Legacy Architecture

SEGs have a legacy architecture that is neither cloud-native nor features native API integrations with Microsoft 365. As a result, SEGs can only observe and block attacks that are in the ingress-egress external mail flow, also called the north-south traffic.

Without the ability to see east-west traffic, a secure email gateway has no visibility into internal email patterns or the contextual signals that are essential to stopping modern attacks that often originate from the inside.

Outdated Approach

SEGs rely on the concept of known bad, which refers to the idea that if an organization can identify patterns of past suspicious emails such as ones sent from a bad IP address or untrusted domain, it can flag future attacks that match these criteria. The problem is there’s a fundamental flaw in using a rules- and policies-based system that is triggered only by known threats. In today’s evolving threat landscape, there is no “known bad” to latch onto.

For example, what happens when the attack originates from a newly-created account on a trusted domain like gmail.com? Because SEGs only look for known IOCs, they can’t defend against never-before-seen attacks.

Limited Cloud Email Integration

Within the Microsoft 365 platform, there are thousands of context-rich signals such as sign-in events and compromised accounts that can be used to detect suspicious behavior. However, due to the shortcomings of its architecture and approach, a secure email gateway is unable to leverage these signals.

Say an employee who usually signs in from San Francisco is trying to sign in from the Netherlands. After multiple failed login attempts, suddenly the employee is trying to sign in from New York and then successfully logs in. This is a critical signal of a potential attack that a SEG would miss because it’s unable to ingest and correlate these insights.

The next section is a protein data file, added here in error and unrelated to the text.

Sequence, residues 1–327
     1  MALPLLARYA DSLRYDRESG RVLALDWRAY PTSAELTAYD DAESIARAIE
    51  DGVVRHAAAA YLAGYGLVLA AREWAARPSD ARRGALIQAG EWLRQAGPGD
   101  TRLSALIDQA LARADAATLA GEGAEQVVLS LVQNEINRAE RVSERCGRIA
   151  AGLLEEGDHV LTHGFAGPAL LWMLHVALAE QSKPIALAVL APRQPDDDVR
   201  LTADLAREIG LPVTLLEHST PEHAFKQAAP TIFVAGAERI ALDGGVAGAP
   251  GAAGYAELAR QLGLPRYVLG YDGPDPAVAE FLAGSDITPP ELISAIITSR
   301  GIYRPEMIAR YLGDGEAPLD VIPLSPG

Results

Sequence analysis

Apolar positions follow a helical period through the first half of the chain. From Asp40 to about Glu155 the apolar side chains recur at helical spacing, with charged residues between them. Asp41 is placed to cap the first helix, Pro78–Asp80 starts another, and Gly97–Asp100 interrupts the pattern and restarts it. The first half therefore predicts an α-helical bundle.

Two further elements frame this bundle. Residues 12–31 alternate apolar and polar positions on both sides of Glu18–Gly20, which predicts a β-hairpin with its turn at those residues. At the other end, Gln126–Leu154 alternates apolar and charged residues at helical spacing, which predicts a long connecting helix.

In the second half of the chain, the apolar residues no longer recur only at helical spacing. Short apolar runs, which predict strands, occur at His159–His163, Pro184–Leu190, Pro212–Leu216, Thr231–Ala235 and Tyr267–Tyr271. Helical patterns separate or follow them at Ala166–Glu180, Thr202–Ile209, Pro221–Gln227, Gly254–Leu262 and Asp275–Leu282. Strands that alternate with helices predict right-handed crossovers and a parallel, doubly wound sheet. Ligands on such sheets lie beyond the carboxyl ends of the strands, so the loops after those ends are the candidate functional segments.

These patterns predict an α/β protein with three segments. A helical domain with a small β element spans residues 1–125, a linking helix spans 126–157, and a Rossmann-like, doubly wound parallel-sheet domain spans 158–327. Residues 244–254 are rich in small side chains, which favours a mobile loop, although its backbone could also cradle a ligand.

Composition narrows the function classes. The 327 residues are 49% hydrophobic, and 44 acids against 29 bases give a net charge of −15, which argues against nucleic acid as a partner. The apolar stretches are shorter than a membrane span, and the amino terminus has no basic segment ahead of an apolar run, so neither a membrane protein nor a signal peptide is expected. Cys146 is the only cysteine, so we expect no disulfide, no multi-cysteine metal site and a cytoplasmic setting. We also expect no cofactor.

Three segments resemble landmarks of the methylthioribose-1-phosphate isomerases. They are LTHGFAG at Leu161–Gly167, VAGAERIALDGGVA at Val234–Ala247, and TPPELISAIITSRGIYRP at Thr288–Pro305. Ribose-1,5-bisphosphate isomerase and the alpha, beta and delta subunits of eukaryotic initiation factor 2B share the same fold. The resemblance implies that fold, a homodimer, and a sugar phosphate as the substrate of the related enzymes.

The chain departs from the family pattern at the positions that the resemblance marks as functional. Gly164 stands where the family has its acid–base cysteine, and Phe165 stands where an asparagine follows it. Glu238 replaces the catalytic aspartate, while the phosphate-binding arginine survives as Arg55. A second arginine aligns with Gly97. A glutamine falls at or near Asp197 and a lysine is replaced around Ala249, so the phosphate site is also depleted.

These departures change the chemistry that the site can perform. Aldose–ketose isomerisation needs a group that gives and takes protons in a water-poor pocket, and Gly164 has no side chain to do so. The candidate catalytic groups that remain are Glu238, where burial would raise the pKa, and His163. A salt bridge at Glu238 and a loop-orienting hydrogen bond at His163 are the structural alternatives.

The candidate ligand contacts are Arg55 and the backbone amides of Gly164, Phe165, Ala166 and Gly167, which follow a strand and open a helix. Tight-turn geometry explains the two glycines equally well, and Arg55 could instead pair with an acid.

Clearly, enterprises need to consider a new approach to email security that includes native cloud email protection and integrated cloud email security. Gartner reports that by 2023, at least 40% of all organizations will use built-in protection capabilities from cloud email providers rather than a SEG.

Stopping the Full Spectrum of Email Attacks

Ultimately, the goal for organizations of any size is to achieve a security posture that ensures the company is protected from all types of email attacks—from the simplest spam to the most sophisticated account takeover. That just isn’t possible with a secure email gateway.

In fact, if you’re currently using a SEG with Microsoft Office 365, there’s a good chance you’re not reaping the full benefits of Microsoft’s built-in email security capabilities. We’ve often had customers tell us the SEG vendor has requested they disable certain features within the Microsoft platform, marginalizing the efficacy of a solution they’ve already paid for.

Further, during our risk assessments, we’ve found that SEGs only block about 17% of the attacks that Abnormal does. Without the right technology, more than 80% of malicious emails are safely delivered to your employees, putting you at risk of costly cybercrime.

But with Microsoft Defender for Office 365 and Abnormal, you receive comprehensive, defense-in-depth protection. Microsoft Defender for Office 365 identifies known bad as well as similar to known bad, while Abnormal models known good to identify anomalies. Together, the two solutions keep malicious emails from ever making it to employee inboxes.

Learn Even More About Microsoft and Abnormal

Hunter and I discussed so many great topics in the webinar that a single blog post isn’t enough to cover them all. If you’d like to learn about:

  • The four-phase approach Microsoft takes to threat protection

  • The three key elements of Abnormal’s integrated cloud email security solution

  • How Microsoft and Abnormal work together to keep your organization safe

Then we invite you to watch the recording here!